New Delhi: As Uttarakhand and the northeastern states are geographically similar, the latter need to take lessons from the 2013 disaster that struck the north Indian state and pursue a green development vision, experts said here Wednesday.
“Geographically, the northeastern states are similar to Uttarakhand. Therefore, it is important these states start using local technology for building houses and stop using reinforced cement concrete (RCC),” said Rajendra Desai, managing trustee, National Centre for People’s Action in Disaster Preparedness, Ahmedabad.
Addressing the International Conference on the Eastern Himalayas organised by the Centre for Northeast Studies and Policy Research at the Jamia Millia Islamia here Wednesday, Desai said Sikkim is giving false sense of security to people by increasingly using RCC for construction, which should be stopped immediately.
“The use of cement and steel increases the carbon footprint, which is highly detrimental and also contributes to climate change. The use of load-bearing masonry construction such as stone, timber, mortar will only help to reduce the long-term vulnerability of the region,” he said.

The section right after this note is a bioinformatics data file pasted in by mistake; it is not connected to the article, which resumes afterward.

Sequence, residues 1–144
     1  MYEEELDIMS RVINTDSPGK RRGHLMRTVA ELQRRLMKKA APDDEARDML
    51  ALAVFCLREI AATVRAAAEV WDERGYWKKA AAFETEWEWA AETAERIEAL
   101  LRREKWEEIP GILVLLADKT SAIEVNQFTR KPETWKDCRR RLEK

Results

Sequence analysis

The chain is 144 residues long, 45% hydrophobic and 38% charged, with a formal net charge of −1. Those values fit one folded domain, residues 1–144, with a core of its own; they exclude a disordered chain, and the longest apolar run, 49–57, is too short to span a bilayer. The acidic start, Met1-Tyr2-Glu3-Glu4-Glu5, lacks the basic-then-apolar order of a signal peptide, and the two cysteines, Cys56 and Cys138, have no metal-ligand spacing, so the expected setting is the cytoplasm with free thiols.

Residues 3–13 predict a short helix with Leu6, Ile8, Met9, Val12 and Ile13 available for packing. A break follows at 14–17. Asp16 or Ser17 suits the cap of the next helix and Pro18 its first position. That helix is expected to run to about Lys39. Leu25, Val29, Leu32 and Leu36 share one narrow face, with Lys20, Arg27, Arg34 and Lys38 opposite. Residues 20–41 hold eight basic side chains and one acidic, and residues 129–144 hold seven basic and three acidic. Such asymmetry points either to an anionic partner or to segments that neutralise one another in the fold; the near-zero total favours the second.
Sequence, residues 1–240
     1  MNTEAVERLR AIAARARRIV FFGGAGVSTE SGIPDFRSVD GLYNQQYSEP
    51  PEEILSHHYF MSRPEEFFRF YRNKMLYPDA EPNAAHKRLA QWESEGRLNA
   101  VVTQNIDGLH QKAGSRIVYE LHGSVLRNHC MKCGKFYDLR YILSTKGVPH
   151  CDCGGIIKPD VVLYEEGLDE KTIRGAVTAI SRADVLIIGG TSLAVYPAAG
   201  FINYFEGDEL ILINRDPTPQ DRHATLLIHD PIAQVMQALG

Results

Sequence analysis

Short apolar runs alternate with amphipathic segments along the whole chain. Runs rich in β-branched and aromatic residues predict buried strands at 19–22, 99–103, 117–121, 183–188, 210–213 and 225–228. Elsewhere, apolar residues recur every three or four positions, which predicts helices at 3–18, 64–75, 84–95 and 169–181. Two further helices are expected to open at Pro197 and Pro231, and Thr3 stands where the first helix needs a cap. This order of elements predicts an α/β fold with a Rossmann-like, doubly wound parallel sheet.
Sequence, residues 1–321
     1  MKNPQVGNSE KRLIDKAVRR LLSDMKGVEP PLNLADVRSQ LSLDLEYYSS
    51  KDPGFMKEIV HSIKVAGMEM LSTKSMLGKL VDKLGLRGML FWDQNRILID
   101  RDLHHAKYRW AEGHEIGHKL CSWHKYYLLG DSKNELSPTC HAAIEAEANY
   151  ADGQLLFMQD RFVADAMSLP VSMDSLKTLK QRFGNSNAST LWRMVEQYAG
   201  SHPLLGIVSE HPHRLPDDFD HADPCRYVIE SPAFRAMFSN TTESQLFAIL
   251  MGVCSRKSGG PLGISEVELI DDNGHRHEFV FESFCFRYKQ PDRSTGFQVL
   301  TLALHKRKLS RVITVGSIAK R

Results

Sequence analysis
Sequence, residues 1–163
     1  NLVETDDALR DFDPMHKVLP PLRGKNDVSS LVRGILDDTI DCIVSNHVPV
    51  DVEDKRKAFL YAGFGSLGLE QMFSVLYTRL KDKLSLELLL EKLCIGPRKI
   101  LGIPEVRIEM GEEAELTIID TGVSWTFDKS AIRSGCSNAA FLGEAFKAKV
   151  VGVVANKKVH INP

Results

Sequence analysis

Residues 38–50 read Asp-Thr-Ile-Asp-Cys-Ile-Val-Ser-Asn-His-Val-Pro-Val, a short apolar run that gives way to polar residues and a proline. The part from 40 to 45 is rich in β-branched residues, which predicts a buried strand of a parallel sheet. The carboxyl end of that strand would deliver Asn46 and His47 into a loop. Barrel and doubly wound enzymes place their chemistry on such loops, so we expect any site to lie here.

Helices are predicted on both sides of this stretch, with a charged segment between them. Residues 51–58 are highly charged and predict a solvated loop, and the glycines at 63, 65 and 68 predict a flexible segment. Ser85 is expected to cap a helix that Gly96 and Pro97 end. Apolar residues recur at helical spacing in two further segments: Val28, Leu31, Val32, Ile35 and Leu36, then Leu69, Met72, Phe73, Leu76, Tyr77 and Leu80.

Ravi Chopra, director, People’s Science Institute, told IANS: “Climatologists have warned that because of global warming, destructive weather events will become more frequent in the future. In the times of climate change, the Himalayan states need to focus on their special characteristics and pursue a green development vision.”
The experts said the government’s intervention is required because getting local materials are difficult due to court orders.
“Taking sand from the river and procuring timber is considered stealing,” Desai said.
According to him, even after disaster, the Himalayan states should focus on mid-term settlement and post disaster house-to-house damage assessment, which Uttarakhand has not been able to follow.
“Mid-term shelters are the best way for rehabilitation as these houses can be dismantled once new ones are constructed,” he said.
Chopra also said since all these states are prone to disaster, their first priority should be to expand forest cover.
“To expand forest cover, the local communities must be made custodians and managers of their environmental and natural resources,” he said.
Chopra said since its formation, Uttarakhand has lost 30,000 acres of forest land in the name of development.
“To avert disaster, good governance is essential to raise awareness among people. In Uttarakhand, people are being given money under several schemes but they do not know how it is to be spent,” Chopra added.
The experts stressed it was poor governance that caused the deluge in Uttarakhand as the state disaster management was dysfunctional and there was no co-ordination between research and practice.
Uttarakhand was hit by one of the worst floods in recent times, leaving thousands dead and causing extensive damage.